I recently submitted for a commercial job through one of the many online resources, and while I was not invited to audition, I did receive an email from the casting director's assistant to "participate in a very special opportunity." This opportunity was the chance to pay $39 -- cash only at the door -- to meet with said CD on a particular date and time.
Now, I've been doing this for a long time, and I certainly do not knock the pay-to-play premise. I have, in fact, made many contacts this way. So I went. The assistant was sort of nice but overall just condescending. I couldn't help but feel bad for the teenage girl there with her mom who was getting bad business advice from the assistant. I met with the CD for about four minutes and read copy. We went over it a few times, and she gave me some good direction, but I mostly left $39 poorer and with a not-so-great feeling in my gut.
Fast-forward a few months ... My close friend just received the same "invitation" after inviting the same casting director to a show he's in. In his situation, they emailed everyone in the cast and said, "So-and-so couldn't make it but sent an assistant who saw some good work. Since we are so busy, we'd like to invite you to participate in a very special opportunity." The same $39 deal. I've reached out to my pool of actor friends and a few have paid to participate in this "special opportunity," but I have yet to hear any success stories. Is it just me, or do I have a right to feel as if this CD is preying on people who submit directly to them? And how fair is this? It's one thing to pay-to-play when the actor himself seeks it out, but when they seek you out, is it not giving the actor a false sense of interest in them specifically?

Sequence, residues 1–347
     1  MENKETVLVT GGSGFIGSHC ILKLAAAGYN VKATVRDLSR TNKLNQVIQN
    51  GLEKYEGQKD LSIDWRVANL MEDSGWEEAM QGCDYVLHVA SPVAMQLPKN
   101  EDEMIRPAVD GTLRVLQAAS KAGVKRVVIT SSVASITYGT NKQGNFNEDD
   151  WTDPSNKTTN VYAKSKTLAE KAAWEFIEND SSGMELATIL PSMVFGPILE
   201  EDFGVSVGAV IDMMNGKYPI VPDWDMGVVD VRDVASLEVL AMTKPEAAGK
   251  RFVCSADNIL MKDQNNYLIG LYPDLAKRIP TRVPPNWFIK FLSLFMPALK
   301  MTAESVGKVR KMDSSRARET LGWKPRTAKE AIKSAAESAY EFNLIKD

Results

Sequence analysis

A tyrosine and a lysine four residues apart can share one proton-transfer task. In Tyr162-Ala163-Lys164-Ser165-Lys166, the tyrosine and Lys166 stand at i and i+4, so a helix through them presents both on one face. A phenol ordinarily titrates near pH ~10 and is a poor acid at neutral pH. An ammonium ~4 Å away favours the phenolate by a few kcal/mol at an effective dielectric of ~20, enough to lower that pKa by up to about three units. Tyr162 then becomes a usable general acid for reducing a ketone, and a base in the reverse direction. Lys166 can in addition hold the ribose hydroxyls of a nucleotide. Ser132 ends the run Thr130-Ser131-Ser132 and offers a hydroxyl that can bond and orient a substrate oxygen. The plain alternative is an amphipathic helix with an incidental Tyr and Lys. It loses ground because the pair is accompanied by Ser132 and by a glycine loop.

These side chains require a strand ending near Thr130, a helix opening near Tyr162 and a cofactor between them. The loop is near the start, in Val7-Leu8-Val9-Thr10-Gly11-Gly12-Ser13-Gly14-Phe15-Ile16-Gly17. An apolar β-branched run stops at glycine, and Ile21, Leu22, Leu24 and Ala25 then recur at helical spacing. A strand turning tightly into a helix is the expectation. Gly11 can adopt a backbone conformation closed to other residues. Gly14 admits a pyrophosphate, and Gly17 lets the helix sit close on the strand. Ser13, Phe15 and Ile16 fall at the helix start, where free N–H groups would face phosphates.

Yes, you have every right to feel preyed upon. You were. This shockingly transparent moneymaking racket is particularly shameful because, by directly contacting individual actors, this CD is obviously dangling the casting carrot.
But as I've said again and again in this column, these scams would decline if actors thought more of themselves than to participate in the illegal practice of paying for job interviews. I'm saddened by this widespread lack of self-esteem, because I love actors. I think we're pretty spectacular creatures -- a bit wacky perhaps, but spectacular nonetheless. I don't think we should ever pay just to meet someone, especially, as you note, when he or she solicits us, offering "very special opportunities" to part with our hard-earned cash in exchange for a tease.
I urge you to report this unethical tactic to SAG-AFTRA, CSA, and the Better Business Bureau. And spread the word among colleagues. Maybe in time, people will catch on and keep their $39 in their pockets. Rule of thumb: If they ask for money, they're not that into you.